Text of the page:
Read the full article...

The Padres and Ian Desmond fit nicely together, while Bronson Arroyo has unfinished business in Cincinnati.

Padres at least keeping tabs on Ian Desmond
Ian Desmond played shortstop last year. The Padres’ projected starting shortstop is Alexi Amarista, producer of a .205 TAv in 357 plate appearances last season. Ian Desmond is available. Which also means that, despite the obviousness of the match, he’s not yet donning San Diego’s new (old) colors.


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Everything has a price, including personal shortcomings, in the game of baseball.

This piece isn’t really about domestic violence. Nor is it ultimately about Aroldis Chapman, although the erstwhile Red is one of its central characters. When the Reds traded Chapman to the Yankees for prospects and the privilege of not having to deal with his domestic violence investigation any further, it became clear that the edges of baseball’s free market were brushing up against baseball’s humanity in a way as interesting as it was alarming. So this piece is about the opportunities baseball seeks, and the prices we pay for them.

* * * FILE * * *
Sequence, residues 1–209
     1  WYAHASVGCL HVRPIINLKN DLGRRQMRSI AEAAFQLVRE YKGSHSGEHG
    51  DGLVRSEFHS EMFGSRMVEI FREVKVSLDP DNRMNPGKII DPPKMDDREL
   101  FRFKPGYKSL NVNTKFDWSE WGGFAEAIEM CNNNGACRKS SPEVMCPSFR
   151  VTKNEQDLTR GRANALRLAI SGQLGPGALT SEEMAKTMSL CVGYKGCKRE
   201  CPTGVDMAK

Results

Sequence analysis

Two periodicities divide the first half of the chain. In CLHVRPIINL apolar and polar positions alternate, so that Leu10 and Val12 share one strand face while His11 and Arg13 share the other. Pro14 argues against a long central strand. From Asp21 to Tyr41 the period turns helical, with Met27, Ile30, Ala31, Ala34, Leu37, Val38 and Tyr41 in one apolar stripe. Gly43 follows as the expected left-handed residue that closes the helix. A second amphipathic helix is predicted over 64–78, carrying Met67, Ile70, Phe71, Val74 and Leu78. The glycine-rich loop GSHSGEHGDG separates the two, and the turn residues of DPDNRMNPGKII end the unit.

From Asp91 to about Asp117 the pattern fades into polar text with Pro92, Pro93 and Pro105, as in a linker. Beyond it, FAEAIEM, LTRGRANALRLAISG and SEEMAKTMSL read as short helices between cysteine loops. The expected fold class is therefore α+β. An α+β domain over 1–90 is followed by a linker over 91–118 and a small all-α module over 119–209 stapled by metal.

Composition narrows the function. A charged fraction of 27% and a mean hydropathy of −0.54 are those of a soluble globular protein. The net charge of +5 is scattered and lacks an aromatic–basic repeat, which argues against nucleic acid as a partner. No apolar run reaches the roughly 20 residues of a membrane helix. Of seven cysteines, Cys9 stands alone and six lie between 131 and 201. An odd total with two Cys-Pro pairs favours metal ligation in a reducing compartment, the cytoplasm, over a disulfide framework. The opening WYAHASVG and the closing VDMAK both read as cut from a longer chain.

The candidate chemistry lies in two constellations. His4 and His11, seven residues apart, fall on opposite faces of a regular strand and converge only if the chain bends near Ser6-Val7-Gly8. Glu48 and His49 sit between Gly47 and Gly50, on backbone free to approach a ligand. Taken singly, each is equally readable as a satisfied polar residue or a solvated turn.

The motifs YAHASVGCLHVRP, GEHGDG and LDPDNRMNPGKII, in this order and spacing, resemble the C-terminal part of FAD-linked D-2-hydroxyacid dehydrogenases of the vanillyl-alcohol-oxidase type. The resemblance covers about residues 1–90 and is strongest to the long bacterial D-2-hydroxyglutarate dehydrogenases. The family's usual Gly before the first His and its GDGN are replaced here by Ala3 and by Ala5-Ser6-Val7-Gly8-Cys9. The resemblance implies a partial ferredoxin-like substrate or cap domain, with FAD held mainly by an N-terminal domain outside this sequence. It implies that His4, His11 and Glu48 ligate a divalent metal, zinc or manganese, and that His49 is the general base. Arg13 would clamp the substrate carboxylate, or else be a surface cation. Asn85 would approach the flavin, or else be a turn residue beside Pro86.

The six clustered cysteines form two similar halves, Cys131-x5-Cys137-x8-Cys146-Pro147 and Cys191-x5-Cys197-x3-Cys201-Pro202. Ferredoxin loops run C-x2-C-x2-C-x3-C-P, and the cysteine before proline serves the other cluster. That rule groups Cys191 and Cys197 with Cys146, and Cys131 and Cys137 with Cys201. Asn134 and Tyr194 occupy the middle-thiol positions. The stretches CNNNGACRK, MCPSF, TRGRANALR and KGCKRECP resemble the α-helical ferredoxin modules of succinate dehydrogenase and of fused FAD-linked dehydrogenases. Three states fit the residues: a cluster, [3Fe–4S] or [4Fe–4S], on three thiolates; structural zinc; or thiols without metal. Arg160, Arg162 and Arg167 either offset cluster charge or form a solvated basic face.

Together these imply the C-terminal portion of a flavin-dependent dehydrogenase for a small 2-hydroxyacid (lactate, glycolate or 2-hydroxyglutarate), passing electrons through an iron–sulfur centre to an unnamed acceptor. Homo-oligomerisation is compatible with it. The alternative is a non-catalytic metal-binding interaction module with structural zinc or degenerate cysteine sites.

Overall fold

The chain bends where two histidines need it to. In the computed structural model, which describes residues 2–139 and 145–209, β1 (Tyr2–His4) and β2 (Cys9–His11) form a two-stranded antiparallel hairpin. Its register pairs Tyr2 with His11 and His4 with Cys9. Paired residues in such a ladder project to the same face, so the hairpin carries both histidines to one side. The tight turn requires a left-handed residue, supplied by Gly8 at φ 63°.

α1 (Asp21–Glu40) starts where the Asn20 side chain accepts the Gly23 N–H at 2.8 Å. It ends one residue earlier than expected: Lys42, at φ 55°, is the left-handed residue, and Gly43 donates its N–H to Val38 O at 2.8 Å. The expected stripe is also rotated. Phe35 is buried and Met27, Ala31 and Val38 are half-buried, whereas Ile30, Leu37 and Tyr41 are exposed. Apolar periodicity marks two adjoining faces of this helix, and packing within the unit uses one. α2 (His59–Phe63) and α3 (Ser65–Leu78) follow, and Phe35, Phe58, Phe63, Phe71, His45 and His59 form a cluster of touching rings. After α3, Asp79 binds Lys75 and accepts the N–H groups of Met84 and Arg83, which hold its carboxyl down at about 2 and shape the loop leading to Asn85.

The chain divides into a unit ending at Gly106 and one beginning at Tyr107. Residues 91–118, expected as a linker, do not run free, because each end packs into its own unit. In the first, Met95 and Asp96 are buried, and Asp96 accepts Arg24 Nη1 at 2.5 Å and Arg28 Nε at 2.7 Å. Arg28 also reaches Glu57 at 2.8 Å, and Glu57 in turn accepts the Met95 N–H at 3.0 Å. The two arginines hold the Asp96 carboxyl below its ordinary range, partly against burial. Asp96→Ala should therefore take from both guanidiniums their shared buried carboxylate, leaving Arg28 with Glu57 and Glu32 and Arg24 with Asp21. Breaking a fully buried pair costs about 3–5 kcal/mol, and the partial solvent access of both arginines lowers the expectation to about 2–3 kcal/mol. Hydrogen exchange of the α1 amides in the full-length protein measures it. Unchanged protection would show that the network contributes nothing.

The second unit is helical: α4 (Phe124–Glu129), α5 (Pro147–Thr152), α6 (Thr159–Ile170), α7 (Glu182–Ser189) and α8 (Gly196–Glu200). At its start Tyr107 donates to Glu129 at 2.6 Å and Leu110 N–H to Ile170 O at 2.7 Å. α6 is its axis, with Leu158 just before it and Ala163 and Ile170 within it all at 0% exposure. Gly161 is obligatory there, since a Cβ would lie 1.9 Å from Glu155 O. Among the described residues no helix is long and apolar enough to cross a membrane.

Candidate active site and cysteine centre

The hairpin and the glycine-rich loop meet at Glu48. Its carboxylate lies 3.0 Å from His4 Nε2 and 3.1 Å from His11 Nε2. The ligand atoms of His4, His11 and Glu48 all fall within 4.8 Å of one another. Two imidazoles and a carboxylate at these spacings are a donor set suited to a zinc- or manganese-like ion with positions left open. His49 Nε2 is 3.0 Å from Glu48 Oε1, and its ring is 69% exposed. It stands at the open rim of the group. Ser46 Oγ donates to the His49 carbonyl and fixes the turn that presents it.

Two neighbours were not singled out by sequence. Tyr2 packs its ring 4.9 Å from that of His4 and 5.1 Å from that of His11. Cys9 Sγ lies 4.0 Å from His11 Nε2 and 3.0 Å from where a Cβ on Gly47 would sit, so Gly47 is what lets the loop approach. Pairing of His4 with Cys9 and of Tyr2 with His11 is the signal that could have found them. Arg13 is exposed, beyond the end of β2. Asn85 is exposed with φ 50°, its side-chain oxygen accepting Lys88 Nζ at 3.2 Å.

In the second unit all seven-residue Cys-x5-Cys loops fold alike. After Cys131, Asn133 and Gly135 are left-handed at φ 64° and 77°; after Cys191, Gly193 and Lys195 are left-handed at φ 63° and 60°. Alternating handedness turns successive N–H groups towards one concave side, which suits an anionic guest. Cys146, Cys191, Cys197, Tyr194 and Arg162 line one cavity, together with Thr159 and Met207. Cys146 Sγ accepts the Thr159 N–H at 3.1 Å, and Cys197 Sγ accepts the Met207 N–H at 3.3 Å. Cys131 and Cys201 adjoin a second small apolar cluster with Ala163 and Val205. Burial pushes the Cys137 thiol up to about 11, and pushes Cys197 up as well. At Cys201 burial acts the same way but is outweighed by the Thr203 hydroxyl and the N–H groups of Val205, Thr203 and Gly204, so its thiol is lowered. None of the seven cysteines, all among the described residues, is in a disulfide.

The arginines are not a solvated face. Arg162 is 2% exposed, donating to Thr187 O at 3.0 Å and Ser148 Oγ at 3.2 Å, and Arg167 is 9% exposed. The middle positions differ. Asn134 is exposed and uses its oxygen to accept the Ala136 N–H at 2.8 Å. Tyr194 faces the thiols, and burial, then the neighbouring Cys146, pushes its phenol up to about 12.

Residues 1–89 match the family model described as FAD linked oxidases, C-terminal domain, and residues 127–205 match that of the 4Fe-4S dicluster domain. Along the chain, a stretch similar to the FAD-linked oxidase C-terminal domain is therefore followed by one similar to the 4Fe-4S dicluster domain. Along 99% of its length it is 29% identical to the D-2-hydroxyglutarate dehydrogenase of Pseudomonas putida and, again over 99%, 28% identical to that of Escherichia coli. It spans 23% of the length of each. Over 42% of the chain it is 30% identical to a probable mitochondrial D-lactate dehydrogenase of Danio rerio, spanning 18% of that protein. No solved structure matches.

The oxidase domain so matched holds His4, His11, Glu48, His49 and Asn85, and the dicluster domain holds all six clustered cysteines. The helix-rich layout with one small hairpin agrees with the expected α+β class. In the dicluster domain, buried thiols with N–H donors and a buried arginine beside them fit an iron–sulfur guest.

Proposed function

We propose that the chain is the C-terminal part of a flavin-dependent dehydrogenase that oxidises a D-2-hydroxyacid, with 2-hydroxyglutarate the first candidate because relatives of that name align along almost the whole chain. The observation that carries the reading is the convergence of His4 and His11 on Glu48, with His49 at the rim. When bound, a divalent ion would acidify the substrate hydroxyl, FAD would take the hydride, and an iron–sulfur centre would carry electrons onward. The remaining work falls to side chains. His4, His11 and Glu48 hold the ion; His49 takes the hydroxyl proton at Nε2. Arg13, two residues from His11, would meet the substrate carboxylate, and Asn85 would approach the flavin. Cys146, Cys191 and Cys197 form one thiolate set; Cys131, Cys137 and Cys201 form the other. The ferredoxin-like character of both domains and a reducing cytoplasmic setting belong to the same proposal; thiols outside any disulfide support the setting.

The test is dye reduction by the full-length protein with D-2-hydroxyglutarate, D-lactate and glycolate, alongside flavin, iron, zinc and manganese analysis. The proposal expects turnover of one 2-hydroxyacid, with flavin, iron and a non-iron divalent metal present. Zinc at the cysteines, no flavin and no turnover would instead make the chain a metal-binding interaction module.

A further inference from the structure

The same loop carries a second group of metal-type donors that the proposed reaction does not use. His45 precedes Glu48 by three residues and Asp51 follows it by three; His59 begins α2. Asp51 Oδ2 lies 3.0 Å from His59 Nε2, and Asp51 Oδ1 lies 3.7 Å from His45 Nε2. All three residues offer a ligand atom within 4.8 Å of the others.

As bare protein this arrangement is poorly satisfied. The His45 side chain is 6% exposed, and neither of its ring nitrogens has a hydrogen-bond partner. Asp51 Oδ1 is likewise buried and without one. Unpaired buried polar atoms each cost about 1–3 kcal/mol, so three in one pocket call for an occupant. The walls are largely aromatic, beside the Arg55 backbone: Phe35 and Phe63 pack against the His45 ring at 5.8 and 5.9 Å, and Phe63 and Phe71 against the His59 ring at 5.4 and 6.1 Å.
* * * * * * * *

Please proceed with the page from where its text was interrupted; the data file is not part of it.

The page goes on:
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December 29, 2015 6:00 am

Transaction Analysis: What's Chapmaning

12

R.J. Anderson, Christopher Crawford and George Bissell

The Yankees bullpen gets, for now at least, ridiculous.

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Your favorite team could trade for Mark Melancon and Todd Frazier. What a time to be alive!

Pirates would move Mark Melancon in the “right deal”
After seeing the Red Sox pay the Padres a king’s ransom for Craig Kimbrel and the Astros do the same to the Phillies for Ken Giles, teams with high-end closers to offer are doubtless intrigued by the possibility of cashing them in for a bevy of prospect talent. The Pirates boast the defending major-league saves leader, Mark Melancon, who capped off 51 Pittsburgh victories in 2015 and is entering his final season of arbitration eligibility. General manager Neal Huntington told reporters Monday that while the team is planning to keep both Melancon and top setup man Tony Watson, the former could be available to teams willing to pay through the nose.